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If a president and simultaneously a presidential candidate Trump would have to quit before the November vote the remainder of his presidency would of course be assumed by Pence, his VP and running mate. But what would happen to Trump's 2020 candidacy? Would Pence automatically be able to continue running in Trump's stead? That is, would the Republican have to nominate the new presidential candidate, or is the presidential candidacy constitutionally inherited by the corresponding VP candidate? Furthermore, would Pence have the standing to participate in debates as both the VP candidate against Harris and as the presidential candidate against Biden?

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    This article suggests it's state-by-state and that many states' laws do not address the possibility. – Nate Eldredge Oct 3 '20 at 1:57
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    The thing about debates has nothing to do with law. The existing debate scheme is organized by a private non-governmental nonprofit corporation and who participates is up to the organizers; the law does not regulate them in any way. Moreover, any two people who feel like debating each other can do so with or without the Commission's permission, and it will be up to individual networks to decide whether to televise it. – Nate Eldredge Oct 3 '20 at 2:01
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There isn't a single "candidacy". Each of the 50 states and DC holds an election for a slate of electors, and those electors later participate in the actual election for President and Vice President in the Electoral College.

For each state's election for electors, the ballot usually prints the name of the "candidate" for President and Vice President submitted by the party. The rules on under what circumstances the names on the ballot can be changed varies by state, and it may also depend on how close to election date it is, as it may be infeasible to change it once ballots have started being printed.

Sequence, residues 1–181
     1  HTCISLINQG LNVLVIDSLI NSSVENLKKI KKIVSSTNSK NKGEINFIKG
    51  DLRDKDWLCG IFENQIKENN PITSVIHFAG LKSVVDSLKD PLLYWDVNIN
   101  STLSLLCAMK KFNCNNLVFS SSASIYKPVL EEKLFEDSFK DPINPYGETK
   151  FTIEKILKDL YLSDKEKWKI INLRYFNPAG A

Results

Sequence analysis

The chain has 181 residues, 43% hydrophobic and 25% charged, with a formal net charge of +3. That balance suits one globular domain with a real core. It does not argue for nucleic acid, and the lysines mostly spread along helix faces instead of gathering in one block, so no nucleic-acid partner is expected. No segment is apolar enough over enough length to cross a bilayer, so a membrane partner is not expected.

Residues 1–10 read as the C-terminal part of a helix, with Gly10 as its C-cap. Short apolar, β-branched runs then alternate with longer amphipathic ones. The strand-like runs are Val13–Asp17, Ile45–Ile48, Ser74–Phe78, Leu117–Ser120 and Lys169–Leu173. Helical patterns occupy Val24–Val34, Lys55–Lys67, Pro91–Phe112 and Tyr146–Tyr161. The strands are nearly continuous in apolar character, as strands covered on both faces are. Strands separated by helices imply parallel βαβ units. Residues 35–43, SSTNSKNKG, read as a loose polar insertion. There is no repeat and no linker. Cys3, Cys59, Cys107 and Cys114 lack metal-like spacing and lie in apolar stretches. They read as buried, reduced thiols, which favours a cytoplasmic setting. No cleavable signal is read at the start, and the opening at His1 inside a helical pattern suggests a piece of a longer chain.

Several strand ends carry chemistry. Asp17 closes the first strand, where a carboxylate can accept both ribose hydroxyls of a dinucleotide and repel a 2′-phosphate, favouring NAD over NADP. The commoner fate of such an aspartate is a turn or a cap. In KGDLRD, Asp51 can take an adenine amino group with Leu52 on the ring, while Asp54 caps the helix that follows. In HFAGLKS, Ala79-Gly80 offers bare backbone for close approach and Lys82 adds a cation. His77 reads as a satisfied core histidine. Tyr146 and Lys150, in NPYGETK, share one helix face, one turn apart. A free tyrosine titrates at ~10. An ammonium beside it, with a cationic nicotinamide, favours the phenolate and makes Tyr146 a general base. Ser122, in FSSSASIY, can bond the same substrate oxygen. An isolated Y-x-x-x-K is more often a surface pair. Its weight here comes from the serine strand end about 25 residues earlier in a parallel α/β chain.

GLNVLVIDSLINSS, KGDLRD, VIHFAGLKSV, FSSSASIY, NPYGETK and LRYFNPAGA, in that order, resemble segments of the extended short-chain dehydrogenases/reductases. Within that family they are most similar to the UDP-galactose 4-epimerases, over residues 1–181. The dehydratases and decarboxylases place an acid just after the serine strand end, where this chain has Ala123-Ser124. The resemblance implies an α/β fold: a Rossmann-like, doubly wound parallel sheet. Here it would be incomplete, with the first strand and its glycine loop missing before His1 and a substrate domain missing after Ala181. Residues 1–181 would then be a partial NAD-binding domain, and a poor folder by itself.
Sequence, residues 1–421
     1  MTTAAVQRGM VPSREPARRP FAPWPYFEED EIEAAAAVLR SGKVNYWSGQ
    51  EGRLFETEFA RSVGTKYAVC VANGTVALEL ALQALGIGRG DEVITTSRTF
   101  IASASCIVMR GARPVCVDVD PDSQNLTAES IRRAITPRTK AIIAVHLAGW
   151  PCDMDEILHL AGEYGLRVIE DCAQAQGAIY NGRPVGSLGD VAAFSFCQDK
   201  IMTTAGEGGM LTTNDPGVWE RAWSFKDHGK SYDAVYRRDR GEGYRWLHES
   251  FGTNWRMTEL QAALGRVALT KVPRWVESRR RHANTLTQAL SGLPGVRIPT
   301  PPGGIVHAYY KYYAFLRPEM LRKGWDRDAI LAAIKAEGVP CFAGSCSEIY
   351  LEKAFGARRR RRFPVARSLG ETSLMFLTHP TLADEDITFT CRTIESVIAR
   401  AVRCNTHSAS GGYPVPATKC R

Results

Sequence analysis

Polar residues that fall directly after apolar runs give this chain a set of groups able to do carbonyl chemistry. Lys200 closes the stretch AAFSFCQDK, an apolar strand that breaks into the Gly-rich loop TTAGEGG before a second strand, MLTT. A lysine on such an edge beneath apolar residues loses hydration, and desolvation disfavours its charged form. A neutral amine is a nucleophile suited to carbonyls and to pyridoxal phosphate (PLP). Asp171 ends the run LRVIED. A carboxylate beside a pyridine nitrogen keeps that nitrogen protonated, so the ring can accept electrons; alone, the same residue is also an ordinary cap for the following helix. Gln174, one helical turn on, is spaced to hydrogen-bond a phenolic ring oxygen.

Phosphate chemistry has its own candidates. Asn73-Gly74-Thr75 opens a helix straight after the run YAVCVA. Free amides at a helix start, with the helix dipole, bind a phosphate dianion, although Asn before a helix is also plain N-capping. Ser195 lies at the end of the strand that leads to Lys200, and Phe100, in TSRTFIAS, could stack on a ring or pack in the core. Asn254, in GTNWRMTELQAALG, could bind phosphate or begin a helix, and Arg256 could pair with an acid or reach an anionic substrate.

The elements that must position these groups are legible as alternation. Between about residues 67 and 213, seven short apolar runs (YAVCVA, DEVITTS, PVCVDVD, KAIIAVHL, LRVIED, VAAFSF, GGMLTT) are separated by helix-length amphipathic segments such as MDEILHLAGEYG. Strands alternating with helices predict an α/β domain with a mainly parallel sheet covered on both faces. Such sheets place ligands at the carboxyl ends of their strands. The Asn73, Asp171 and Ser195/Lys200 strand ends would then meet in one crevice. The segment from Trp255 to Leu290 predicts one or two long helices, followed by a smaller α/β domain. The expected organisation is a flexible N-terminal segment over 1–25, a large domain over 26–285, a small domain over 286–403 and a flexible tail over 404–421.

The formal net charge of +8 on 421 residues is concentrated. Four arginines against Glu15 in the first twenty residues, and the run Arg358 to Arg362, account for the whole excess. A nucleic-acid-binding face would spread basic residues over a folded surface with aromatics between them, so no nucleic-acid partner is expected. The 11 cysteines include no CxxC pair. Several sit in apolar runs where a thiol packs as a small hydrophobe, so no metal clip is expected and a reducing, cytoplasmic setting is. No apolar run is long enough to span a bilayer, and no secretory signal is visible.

However, even if a state's ballots print the name of certain candidates for President and VP in the election for the slate of electors, that does not necessarily mean that those electors, once chosen, will necessarily have to vote for those candidates. So if a party's candidate withdraws too close to the election for the ballots to be changed, or withdraws after the election but before the Electoral College votes, the party's leadership will probably instruct all of the electors of that party (i.e. electors in the states that that party's candidate for President won in) to vote for a new ticket of President and VP in the Electoral College.

Whether the electors will or can follow those instructions is a little tricky. Some states have laws requiring electors to pledge to vote for the Presidential and VP candidates that won in that state, and I am not sure whether the parties can change the Presidential and VP candidates after the election. This would vary by state. In some states, the pledge requirement has no penalty for violation; in some states, there is a fine; and in some states, the state will replace an elector who does not vote for the pledged candidate. (And the Supreme Court ruled in Chiafalo v. Washington (2020) that it is legal for states to fine and/or replace faithless electors.) Again, you would need to look at the specific state's law to see if there is an exception for if the Presidential/VP candidate withdraws.


As for debates, as a commenter noted, they are run by the Commission on Presidential Debates, a private corporation, so it would be completely up to that corporation to decide who would be invited to which debates.

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